Trump muses on what he'd be like intoxicated: 'I would be the world's worst'

President Trump, in a moment of levity amid a tense Rose Garden press conference, speculated Monday about what he would be like if he drank alcohol. And, he admitted, the results would not be pretty.

“I can honestly say I’ve never had a beer in my life. It’s one of my only good traits,” Trump told reporters.

"I never had a glass of alcohol. I never had alcohol, for whatever reason," he added. "Can you imagine if I had? What a mess I would be. I would be the world's worst. I never drank, OK?"

Trump was fielding questions from reporters about the newly announced trade deal with Mexico and Canada, when the topic quickly shifted to the FBI investigation of Supreme Court nominee Brett Kavanaugh over sexual misconduct allegations and questions about the judge’s high school drinking.

"I graduated from high school, and while I didn't drink, I saw people drinking,” Trump, a famous teetotaler, said. “They drink beer, go crazy ... Does that mean that they can't do something that they want to do with their lives? It's a very tough thing."

The president has in the past opened up about why he avoids alcohol, citing his brother's struggles.

"I had a brother, Fred – great guy, best-looking guy, best personality, much better than mine,” Trump said last year during a speech about the opioid epidemic. "But he had a problem, he had a problem with alcohol and he would tell me 'don't drink, don't drink.”

Trump said that his brother’s alcoholism, and ultimate death at the age of 43, deterred the president from drinking or smoking.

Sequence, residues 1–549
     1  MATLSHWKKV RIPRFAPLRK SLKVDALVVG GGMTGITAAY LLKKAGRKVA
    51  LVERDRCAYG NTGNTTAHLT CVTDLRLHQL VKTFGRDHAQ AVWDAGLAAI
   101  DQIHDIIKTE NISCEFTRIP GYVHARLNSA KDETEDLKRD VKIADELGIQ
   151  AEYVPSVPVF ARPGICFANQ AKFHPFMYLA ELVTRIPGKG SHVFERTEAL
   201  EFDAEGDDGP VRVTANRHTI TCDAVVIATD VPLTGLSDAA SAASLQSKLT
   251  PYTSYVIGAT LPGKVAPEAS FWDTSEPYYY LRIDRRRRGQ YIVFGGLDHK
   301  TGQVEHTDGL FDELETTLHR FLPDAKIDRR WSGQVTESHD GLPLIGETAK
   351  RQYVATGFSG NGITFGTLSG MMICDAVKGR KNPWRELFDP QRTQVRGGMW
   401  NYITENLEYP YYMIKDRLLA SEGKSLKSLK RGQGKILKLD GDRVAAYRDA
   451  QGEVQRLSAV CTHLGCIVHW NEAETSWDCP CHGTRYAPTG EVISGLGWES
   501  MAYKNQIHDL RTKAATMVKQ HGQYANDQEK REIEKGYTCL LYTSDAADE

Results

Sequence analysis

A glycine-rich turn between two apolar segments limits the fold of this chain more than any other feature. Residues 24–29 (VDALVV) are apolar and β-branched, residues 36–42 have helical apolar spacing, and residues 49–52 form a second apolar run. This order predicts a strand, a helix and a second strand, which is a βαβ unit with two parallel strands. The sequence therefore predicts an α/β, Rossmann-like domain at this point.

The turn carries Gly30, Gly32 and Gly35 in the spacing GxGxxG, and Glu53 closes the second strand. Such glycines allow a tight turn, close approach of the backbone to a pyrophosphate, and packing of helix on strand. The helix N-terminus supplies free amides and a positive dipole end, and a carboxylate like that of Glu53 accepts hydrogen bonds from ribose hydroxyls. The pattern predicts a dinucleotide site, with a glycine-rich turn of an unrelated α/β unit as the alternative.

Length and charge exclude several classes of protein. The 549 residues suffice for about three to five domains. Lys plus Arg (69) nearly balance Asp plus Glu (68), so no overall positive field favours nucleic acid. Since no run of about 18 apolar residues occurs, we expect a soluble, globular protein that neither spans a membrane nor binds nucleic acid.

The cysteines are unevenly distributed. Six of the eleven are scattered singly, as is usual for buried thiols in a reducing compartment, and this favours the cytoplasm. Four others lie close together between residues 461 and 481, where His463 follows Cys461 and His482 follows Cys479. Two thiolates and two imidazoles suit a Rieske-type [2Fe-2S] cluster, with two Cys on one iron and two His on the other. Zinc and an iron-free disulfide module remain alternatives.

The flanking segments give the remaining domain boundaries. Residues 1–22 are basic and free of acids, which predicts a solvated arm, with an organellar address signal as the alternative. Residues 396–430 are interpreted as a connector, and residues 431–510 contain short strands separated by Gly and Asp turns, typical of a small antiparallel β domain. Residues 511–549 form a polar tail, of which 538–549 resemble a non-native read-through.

“He had a very, very tough life because of alcohol,” Trump said. "He was a strong guy but it was a tough, tough thing that he was going through. I learned because of Fred."

Kavanaugh, who has been accused by at least three women of sexual misconduct and drunken behavior, was repeatedly questioned last week about his past alcohol consumption and if he ever “blacked out” from drinking. While the Supreme Court nominee admitted to drinking beer in high school and to continuing to enjoy beer, he said he never “blacked out” and has denied all allegations of sexual misconduct.

Trump said on Monday that he wants the FBI probe into his nominee to wrap up quickly because the accusations have been "so unfair" to Kavanaugh and his family. But he said it's fine with him if the FBI wants to pursue accusations made by three women who have publicly come forward even as he has left the scope of the investigation to Senate Republicans.

In a statement released Sunday, a Yale classmate of Kavanaugh's said he is "deeply troubled by what has been a blatant mischaracterization by Brett himself of his drinking at Yale." Charles "Chad" Ludington, who now teaches at North Carolina State University, said he was a friend of Kavanaugh's at Yale and that Kavanaugh was "a frequent drinker, and a heavy drinker."

"On many occasions I heard Brett slur his words and saw him staggering from alcohol consumption, not all of which was beer. When Brett got drunk, he was often belligerent and aggressive," Ludington said. While saying that youthful drinking should not condemn a person for life, Ludington said he was concerned about Kavanaugh's statements under oath before the Senate Judiciary Committee.

The Associated Press contributed to this report.